Smaller file size than a PDF created with the same images. Very easy to create.
No support for text to make the pages searchable like PDF has.
DjVu is an alternative to PDF's created with book page images. DjVu is a method of compressing these images that is optimized for documents and book pages. As a result .djvu files are smaller than the equivalent PDF and can take less memory to read.
Noticeably smaller file size than PDF's composed of page images. Also smaller than CBZ's.
Only supported by the later versions of the Read Activity which requires a newer version of Sugar than .82. Many XO laptops still run .82 or older.
This is a file format invented by Microsoft to simplify sharing documents between different brands of word processor. Most word processors can read and write this format as well as their own format.
It may seem like a stretch to consider RTF as a format for e-books, but in fact there are e-books that use this format. Of all the e-book formats distributed by the Baen Free Library website only RTF is usable in Sugar .82. (If you have a later version of Sugar that supports EPUB the Baen Free Library now offers that format).
I can't think of any.
Really there are only two ways to use an RTF file as an e-book: load it into a word processor and convert it to a PDF, then read that file, or use an e-book reader like Read Etexts that will convert the RTF to a plain text file when it first loads it.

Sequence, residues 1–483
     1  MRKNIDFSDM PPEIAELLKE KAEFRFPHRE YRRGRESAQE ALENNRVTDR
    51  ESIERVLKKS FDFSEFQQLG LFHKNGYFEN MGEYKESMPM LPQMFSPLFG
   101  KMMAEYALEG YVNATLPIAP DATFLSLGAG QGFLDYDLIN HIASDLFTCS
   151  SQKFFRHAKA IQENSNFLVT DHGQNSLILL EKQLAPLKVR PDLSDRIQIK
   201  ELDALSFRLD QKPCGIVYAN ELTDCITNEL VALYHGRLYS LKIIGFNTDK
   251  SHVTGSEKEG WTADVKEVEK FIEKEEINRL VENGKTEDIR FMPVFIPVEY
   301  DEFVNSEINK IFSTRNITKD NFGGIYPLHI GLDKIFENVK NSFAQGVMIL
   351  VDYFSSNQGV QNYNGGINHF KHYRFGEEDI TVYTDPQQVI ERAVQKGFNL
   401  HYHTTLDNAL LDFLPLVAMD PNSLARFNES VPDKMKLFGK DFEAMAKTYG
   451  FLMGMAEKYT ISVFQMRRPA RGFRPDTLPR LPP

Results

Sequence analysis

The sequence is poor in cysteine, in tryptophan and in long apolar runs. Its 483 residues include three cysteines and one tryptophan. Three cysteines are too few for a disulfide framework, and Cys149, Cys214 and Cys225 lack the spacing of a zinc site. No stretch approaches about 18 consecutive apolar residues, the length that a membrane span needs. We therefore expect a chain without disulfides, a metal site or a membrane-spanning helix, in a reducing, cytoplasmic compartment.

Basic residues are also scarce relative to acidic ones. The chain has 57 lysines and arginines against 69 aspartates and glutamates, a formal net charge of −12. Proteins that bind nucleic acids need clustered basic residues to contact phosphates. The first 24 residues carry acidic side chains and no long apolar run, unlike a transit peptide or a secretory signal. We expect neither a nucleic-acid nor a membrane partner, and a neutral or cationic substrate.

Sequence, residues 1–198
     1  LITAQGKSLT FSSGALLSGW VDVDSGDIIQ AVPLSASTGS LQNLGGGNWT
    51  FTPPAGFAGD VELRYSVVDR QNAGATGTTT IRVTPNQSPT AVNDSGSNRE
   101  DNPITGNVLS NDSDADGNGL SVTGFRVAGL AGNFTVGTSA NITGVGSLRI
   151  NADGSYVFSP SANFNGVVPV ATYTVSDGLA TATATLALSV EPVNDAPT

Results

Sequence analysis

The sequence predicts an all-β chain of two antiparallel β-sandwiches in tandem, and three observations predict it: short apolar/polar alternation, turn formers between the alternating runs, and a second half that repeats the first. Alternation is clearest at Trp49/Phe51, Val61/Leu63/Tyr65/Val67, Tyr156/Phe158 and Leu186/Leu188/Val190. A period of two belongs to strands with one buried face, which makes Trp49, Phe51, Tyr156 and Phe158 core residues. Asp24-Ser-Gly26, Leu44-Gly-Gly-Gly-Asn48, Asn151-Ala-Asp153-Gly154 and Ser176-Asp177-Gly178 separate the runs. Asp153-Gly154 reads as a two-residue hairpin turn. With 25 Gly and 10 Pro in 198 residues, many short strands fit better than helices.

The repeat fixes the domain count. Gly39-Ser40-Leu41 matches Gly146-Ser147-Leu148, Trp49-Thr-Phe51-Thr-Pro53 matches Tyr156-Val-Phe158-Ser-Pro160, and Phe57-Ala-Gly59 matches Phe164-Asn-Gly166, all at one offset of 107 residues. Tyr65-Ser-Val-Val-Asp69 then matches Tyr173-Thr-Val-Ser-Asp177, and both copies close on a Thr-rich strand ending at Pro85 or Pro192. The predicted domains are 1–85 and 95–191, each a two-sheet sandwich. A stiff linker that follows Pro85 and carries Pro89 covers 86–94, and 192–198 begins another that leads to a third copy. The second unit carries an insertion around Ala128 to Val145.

EPUB is a format specifically meant for e-books, unlike all the other formats discussed so far. It is based on XHTML and Cascading Style Sheets like a web page, and can include image files, but the various files are stored in a single Zip archive file. There is special XML file called an NCX that provides a table of contents for the document.
This is The Big Book of Aviation for Boys as an EPUB with illustrations. I created the EPUB for this book.
Like PDFs an EPUB can contain formatted text and illustrations.
Like a plain text file the text can be made larger or smaller and the text will re-wrap to fit in the visible space.
The file size is small.
The format is supported on many devices as well as on computers. It may become the most popular e-book format.
Like DjVu, it is only supported by the latest versions of the Read Activity that will not run on Sugar .82.
While many free e-books are available that use the EPUB format, few make full use of what the format has to offer. Project Gutenberg EPUBs may or may not have illustrations, and EPUB's from the Internet Archive are made from OCR'd text that has often not been proofed and corrected.
This is Pride and Prejudice from Project Gutenberg as an EPUB, without illustrations:
Here is the same book from the Internet Archive, with illustrations but badly needing proofreading:
The MOBI format is used by the Amazon Kindle. It is not readable by any Sugar Activity at this time. This is not a problem, because any free e-book in MOBI format will generally be available in EPUB format as well. In fact, the best way to create a MOBI file is to make an EPUB and then convert it to MOBI with a utility program.
The MOBI format can't do anything that EPUB can't do as well or better, but while Sugar users won't be consumers of MOBI content there is nothing stopping them from creating content in that format and putting it in the Kindle Store. If you want to do that the chapter on creating EPUBs will show you how.